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Capilllary action

Capilllary action - Physics Forum

Capilllary action - Physics Forum. Discuss and ask physics questions, kinematics and other physics problems.


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  #1  
Old 12-05-2005, 12:16 PM
nick
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Default Capilllary action



Using capillary action will water rise against the gravitational
forces if so how high will it rise. any comments about this are
appreciated
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  #2  
Old 12-05-2005, 01:09 PM
N:dlzc D:aol T:com \(dlzc\)
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Default Capilllary action

Dear nick:

"nick" <[Only registered users see links. ]> wrote in message
news:[Only registered users see links. ]...

Capillary action uses the meniscus, the surface tension of water
and its affinity for certain materials, to pull a "vacuum" of
sorts. The hardest vacuum at the surface of the Earth (not when
a hurricane is occuring) will lift water about 32 feet. Trees
manage to do this in stages, drawing water and nutrients up a few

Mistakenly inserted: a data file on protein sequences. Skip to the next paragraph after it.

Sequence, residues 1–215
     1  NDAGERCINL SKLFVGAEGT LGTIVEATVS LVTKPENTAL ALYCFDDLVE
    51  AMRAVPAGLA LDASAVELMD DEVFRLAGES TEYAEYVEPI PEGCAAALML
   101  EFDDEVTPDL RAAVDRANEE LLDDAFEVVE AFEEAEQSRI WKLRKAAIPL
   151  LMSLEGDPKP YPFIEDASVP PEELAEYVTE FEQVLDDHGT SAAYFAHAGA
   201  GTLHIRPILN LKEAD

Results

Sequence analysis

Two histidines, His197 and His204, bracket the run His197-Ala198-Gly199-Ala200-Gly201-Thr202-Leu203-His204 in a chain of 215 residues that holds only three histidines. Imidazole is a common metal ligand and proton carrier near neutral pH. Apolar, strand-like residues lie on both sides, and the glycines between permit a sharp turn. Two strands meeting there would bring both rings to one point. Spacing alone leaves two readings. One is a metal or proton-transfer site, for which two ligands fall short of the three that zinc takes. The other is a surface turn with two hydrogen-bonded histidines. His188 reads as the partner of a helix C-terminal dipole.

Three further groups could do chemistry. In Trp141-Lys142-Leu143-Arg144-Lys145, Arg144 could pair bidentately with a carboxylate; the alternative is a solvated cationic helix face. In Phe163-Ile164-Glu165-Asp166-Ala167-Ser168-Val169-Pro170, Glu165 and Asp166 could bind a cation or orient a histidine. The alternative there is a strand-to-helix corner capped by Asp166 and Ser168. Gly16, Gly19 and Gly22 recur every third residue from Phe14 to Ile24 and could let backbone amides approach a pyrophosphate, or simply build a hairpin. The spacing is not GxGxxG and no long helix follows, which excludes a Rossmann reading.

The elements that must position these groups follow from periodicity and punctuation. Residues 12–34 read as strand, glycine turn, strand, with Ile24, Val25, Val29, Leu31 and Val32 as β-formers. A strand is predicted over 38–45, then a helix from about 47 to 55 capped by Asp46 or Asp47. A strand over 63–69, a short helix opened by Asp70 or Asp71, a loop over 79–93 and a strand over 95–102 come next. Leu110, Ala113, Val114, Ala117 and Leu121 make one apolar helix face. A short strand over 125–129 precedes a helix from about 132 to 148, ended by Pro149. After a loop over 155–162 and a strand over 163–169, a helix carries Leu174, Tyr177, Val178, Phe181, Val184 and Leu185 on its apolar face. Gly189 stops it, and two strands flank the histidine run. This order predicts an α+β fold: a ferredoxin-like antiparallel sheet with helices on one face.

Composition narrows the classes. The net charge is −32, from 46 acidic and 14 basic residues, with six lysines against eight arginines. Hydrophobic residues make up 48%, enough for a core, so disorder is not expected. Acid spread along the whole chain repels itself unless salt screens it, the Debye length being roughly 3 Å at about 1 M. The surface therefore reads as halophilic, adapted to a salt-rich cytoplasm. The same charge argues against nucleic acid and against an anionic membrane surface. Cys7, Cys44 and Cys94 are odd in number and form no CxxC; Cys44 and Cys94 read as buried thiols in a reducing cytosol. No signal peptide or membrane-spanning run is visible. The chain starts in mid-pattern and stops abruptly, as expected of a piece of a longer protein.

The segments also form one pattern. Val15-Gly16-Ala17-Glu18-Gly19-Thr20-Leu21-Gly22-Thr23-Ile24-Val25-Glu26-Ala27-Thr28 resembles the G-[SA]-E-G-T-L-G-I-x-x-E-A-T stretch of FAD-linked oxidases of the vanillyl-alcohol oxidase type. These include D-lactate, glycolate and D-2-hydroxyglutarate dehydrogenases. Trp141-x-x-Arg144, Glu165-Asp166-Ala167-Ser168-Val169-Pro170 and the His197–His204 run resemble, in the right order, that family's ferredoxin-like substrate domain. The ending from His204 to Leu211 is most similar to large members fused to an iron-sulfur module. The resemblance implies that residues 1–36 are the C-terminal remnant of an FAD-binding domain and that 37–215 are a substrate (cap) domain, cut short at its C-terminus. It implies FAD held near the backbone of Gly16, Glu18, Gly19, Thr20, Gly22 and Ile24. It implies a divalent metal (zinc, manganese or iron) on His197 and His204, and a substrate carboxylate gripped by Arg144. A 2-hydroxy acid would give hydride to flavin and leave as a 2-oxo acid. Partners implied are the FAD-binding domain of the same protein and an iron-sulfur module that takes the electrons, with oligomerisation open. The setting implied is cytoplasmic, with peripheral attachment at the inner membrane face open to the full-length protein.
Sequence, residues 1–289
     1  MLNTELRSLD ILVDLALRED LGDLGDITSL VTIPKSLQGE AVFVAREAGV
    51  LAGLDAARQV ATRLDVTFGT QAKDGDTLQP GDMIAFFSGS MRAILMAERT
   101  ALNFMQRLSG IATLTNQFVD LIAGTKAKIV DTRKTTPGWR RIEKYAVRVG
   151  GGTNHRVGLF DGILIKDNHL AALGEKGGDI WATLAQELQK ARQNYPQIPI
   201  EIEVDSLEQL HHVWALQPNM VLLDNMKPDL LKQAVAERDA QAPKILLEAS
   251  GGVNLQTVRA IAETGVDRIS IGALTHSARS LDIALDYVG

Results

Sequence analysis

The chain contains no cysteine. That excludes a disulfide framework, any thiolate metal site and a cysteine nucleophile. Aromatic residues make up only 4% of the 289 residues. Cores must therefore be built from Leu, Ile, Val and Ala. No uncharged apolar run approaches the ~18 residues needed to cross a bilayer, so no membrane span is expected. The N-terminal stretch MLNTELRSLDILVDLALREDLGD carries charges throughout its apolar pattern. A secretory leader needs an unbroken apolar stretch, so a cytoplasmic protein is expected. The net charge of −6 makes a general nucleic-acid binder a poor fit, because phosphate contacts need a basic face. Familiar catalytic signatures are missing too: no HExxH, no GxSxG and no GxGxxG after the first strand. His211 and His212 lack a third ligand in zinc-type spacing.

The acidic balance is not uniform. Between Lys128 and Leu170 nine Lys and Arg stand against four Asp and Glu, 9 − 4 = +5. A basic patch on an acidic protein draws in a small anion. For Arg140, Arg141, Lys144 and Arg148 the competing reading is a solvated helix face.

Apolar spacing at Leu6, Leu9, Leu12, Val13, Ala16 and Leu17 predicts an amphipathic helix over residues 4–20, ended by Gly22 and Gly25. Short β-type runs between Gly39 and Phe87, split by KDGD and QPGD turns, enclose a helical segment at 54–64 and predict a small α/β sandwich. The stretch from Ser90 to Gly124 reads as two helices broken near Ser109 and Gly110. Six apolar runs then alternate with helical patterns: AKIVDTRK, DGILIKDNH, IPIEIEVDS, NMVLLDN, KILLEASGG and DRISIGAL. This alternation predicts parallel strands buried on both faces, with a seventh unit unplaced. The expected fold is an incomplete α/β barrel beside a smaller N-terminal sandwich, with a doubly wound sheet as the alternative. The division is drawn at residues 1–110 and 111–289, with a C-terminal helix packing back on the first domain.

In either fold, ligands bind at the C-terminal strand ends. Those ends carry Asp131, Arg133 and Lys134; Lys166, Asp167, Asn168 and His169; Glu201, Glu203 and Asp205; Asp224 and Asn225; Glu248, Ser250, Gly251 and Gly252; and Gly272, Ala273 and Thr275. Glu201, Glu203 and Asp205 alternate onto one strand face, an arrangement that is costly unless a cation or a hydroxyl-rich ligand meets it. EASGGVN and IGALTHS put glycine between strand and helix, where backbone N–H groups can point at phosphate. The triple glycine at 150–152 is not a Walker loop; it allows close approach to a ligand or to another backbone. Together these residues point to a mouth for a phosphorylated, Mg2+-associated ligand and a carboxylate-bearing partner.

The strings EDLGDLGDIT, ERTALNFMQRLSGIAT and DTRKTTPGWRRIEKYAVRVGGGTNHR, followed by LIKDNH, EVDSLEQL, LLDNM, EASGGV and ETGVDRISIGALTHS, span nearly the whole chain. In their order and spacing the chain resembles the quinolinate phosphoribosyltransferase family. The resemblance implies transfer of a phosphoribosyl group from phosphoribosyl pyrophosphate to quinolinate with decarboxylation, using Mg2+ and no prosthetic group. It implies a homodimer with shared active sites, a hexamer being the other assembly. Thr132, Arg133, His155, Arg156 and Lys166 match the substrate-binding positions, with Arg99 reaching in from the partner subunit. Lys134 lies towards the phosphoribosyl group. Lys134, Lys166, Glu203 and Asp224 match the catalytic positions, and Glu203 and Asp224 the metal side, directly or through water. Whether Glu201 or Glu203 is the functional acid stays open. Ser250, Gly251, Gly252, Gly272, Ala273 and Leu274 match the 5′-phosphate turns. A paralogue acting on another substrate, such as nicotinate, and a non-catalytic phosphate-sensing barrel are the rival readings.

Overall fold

hundred feet.

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.... down to "hydraulic-limitation hypothesis"

David A. Smith


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  #3  
Old 12-08-2005, 10:01 AM
H. Dziardziel
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Default Capilllary action

On Mon, 5 Dec 2005 06:09:22 -0700, "N:dlzc D:aol T:com \(dlzc\)"
<N: dlzc1 D:cox T:[Only registered users see links. ]> wrote:

[Only registered users see links. ]
How Trees Lift Water
2>The cohesion theory
According to this theory, water is actually lifted up trees from
above, using the power of the sun; it is pulled up under tension
as the sun evaporates water from the leaves. When first suggested
in 1894 this theory was greeted by disbelief, but since then a
large amount of evidence has been found to support it. For a
start, it has been shown that if water is held in a narrow pipe it
can actually withstand large stretching forces without breaking,
just like an elastic band. The water's strength is due to the
cohesion between its molecules. Experiments have shown that the
cohesive strength of water can hold up a column of fluid nearly
three kilometres high.

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